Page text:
Sipping Health: A look at the benefits of tea

Published on Saturday, 28 September 2013 19:13 - Written by By Coshandra Dillard

Commercial tea bags aren’t the only way to enjoy a hot cup of tea. More varieties of loose-leaves available in stores and specialty teashops are giving hot tea a boost in popularity.

For example, black, green, white, floral-infused, oolong and blooming teas line a wall at FRESH by Brookshire’s. The store offers 42 varieties of bulk tea. Their most popular is Earl Gray, a type of black tea.

“Most customers like the citrus-like taste as well as the added benefit that black tea is a very strong antioxidant that can help fight off free radicals in your body,” said Andrew Dosser,” the health and wellness manager at FRESH.

Danielle Townsend, registered dietitian/nutrition at Mother Frances Hospital, said people always have been drawn to hot tea because of its health benefits.

“Green tea is one of the most popular ones,” she said. “The antioxidants are the biggest components. “

Tea also provides less caffeine than coffee. But any healthy beverage can become unhealthy when adding a lot of sugar — real or artificial.

“Use fruit juice from fruits, not a bottle, like lemon or orange,” Ms. Townsend said. “Get creative. When I do have hot tea, I like to use agave nectar, which is lower on the glycemic index. It’s a slightly healthier alternative to table sugar.”



Black, white, green, and oolong teas all come from the Camellia sinesis plant. White tea is the more rare and most expensive of the teas. White tea has the strongest antioxidant properties and has been touted for its antiviral, antibacterial and antifungal properties. Silver needle white tea is one of the most popular Chinese teas, with its subtle melon taste. It is generally a very low caffeinated tea.

Green tea is the most widely available tea and has a high concentration of polyphenols — a type of antioxidant. Fans of green tea use it as part of a weight loss regimen. Researchers found that catechins, components in green tea extract, could have an effect on weight loss, according to a study published in the American Journal of Clinical Nutrition.

Black teas are usually the sweetest of the teas, making it a favorite for taste. Oolong tea is similar to green and black tea and but is partially processed after harvesting.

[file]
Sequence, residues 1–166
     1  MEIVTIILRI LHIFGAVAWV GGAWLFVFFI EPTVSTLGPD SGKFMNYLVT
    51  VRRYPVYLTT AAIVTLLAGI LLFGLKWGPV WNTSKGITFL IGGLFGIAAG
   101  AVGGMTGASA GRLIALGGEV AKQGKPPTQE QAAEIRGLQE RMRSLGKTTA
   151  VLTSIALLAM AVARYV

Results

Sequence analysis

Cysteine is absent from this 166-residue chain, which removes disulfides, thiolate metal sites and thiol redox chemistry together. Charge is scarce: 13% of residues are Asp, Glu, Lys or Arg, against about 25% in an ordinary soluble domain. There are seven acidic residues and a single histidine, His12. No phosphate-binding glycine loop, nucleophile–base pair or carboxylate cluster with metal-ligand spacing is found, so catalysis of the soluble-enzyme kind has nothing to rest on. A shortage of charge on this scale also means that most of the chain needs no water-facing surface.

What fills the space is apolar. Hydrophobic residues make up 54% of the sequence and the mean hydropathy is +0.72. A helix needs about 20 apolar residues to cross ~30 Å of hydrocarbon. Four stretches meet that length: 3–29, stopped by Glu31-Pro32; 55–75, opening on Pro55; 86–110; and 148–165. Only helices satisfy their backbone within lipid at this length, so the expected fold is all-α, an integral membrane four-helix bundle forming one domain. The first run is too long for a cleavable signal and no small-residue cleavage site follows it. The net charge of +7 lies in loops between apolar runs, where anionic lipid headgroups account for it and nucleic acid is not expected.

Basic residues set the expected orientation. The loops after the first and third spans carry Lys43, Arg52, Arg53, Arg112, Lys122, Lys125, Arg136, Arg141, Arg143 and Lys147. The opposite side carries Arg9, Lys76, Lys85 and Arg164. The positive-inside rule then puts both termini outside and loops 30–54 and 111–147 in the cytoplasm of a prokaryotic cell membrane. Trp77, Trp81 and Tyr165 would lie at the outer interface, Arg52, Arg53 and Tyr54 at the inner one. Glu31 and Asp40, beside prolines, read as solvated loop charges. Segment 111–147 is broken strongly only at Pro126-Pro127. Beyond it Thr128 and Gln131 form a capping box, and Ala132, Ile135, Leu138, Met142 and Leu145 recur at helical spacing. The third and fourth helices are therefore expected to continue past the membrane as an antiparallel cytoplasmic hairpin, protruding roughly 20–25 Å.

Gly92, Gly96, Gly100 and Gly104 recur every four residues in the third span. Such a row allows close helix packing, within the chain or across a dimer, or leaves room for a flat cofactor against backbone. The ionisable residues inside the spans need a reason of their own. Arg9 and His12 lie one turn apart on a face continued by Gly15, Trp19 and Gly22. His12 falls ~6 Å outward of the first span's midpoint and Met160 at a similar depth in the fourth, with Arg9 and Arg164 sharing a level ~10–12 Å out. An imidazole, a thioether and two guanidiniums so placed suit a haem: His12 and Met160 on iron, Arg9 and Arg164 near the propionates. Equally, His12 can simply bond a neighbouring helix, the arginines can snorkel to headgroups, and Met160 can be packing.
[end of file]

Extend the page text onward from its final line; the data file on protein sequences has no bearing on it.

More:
While commercially grown teas come from the woody plant Camellia sinesis, herbal “teas” can be made from a plethora of herbs.

Mary Wilhite, co-owner of Blue Moon Gardens in Edom, sells hundreds of varieties of herbs that customers use for tea.

Among her favorites: Mexican mint marigold, lemongrass, lemon verbena, scented geraniums and mint teas. She said other plants that make a good tea include sage, hyssop blue flowers and the relaxing chamomile.

“Herbs are our specialty,” Ms. Wilhite said. “They do have a lot of nutritional and medicinal properties. All the synthetic drugs around the market were from herbs and plants. For thousands of years, that’s all they used.”

Keith Hansen, a horticulturalist with Texas Agrilife Extension Service in Smith County, said herbs are very easy to grow in a backyard or container.

“There are a few that are perennial, meaning, they live and survive multiple years, and some are annuals, which means they germinate from seed, grow one season and then they die,” he said. “Most of the herbal teas are a perennial of some sort.”

Echinacea, a popular option that people use during cold and flu season, is usually grown for its attractive blooms.

“People actually grow it more for an actual flower. It’s a pretty perennial herb,” Hansen said.

Ms. Wilhite said herbs could be clipped and used right away for tea.

“Most do really well fresh, but you can also dry them for some of the things that die down in the winter,” she said. “Now would be the good time to start drying.”

Ms. Townsend said when trying a new herbal tea, particularly Echinacea, to conduct your own research or consult with an expert at a reputable health food store.